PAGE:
One recently signed free agent deal just blew me away. “What were they thinking?”, I said to myself. “That is just a ridiculous amount of money for a guy like that”, “they’ll raise the bar all around!”. I wasn’t thinking of Zack Greinke‘s big deal, or Josh Hamilton‘s or Anibal Sanchez‘ – I was thinking of the deal that the Philadelphia Phillies gave Mike Adams.
August 11, 2012; Arlington, TX, USA; Texas Rangers relief pitcher Mike Adams (37) pitches to the Detroit Tigers at Rangers Ballpark in Arlington. The Rangers won beating the Tigers 2-1. Mandatory Credit: Jim Cowsert-USA TODAY Sports
Mike Adams is a reliever. Specifically, he has been a setup man and a very effective one at that. The Tigers caught no small amount of flak for the contracts that they gave Joaquin Benoit following the 2010 season and Octavio Dotel following the 2011 offseason – these were two other guys considered to be among the very best setup men in baseball. This one raises the bar a tad over those (and remember that most people thought the Tigers’ generosity ridiculous, especially when it came to Benoit). Adams will be getting $6 million per year for two years with a vesting option for a $6.5 million third year. For all intents and purposes, this is a 3 year, $18.5 million deal if he stays healthy and a 2 year $12 million deal if he doesn’t.
The thing is: he isn’t being asked to go to Philly and close games – he’s being asked to continue to pitch the 8th. What seems to be going on is that the gap between what teams are willing to pay closers and what they are willing to pay non-closers is narrowing. Joel Hanrahan and Chris Perez will be paid in the neighborhood of $7 million – but their own teams consider them overpaid and they look to be difficult to move because of that salary. There is no market for Rafael Soriano whatsoever right now, though he is the best reliever available (probably in trade or in free agency). It isn’t just that he wants more money than anyone is currently willing to offer a closer (or other reliever) it’s that he would cost the signing team it’s first round pick. [Personally, I’m not sure that Soriano will get any contract offer this year – unless it’s a tail-between-his-legs one year deal with the Yankees. Even if he’d sign for 2 years and $14 million, no one wants to give up that pick.]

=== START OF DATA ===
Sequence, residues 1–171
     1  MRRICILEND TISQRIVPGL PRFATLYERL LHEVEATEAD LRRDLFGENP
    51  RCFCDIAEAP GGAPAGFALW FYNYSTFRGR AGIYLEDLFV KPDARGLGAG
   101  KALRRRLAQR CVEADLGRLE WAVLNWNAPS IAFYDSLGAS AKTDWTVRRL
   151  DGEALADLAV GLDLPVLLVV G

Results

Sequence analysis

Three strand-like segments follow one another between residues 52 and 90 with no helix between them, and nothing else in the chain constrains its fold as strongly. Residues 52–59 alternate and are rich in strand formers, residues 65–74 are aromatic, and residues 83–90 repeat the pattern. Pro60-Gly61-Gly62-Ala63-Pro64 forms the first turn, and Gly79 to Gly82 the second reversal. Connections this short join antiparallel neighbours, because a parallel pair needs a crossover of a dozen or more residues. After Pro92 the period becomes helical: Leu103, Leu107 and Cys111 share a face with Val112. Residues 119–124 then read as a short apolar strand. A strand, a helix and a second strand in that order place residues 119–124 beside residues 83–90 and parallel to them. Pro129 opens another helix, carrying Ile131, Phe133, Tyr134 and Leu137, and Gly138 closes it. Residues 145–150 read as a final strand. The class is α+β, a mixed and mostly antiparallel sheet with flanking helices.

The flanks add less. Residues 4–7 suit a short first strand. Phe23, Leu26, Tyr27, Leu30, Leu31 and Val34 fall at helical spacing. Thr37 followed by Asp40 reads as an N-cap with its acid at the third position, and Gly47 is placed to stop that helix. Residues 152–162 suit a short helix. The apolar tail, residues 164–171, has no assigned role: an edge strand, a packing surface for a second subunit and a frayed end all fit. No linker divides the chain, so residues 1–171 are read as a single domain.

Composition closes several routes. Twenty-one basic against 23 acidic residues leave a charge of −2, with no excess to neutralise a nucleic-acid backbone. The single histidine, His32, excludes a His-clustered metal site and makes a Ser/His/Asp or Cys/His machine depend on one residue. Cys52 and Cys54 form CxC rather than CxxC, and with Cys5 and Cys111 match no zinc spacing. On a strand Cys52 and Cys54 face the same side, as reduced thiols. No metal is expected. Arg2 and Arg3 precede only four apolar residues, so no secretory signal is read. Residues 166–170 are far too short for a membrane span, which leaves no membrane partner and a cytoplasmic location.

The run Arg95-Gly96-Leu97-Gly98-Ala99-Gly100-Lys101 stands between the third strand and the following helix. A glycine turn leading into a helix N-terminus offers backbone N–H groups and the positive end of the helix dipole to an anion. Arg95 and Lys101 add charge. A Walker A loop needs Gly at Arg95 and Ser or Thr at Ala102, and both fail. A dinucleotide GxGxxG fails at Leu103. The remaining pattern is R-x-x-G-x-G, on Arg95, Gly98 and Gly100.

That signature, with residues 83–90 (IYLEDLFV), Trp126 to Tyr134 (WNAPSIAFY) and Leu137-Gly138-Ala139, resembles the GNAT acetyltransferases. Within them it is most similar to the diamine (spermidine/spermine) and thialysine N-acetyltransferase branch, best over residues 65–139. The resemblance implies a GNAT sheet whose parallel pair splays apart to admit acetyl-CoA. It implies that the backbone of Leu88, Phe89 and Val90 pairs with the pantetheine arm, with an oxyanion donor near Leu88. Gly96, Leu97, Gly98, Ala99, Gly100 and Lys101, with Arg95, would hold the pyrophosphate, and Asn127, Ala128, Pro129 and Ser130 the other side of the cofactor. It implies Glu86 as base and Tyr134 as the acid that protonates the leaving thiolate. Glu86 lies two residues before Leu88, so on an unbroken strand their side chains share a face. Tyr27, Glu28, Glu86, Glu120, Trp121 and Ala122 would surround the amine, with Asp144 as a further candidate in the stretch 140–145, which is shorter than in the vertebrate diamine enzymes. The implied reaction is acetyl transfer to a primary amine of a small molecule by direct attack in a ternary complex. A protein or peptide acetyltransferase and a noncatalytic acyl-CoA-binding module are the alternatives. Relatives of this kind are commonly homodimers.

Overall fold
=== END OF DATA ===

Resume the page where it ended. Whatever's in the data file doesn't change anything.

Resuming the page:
To a stat-head all this makes perfect sense (though it, no-doubt, makes no sense at all to Jim Leyland) so maybe what we’re seeing is just the continuing stat-headization of MLB front offices. Pitcher talent is “controlled” by the pitcher, and should therefore be paid it’s market value. Leverage is “controlled” by the manager, not the pitcher, and should therefore not impact salary offers. If (value-wise) the only thing that separates Soriano-closer from Soriano-setup-man is when you choose to put him in the game, why should one be able to demand more money than the other? For years, teams have paid for saves by making the implicit assumption that non-closers don’t have the mental toughness to close – in the same way that third basemen don’t have the agility to play shortstop.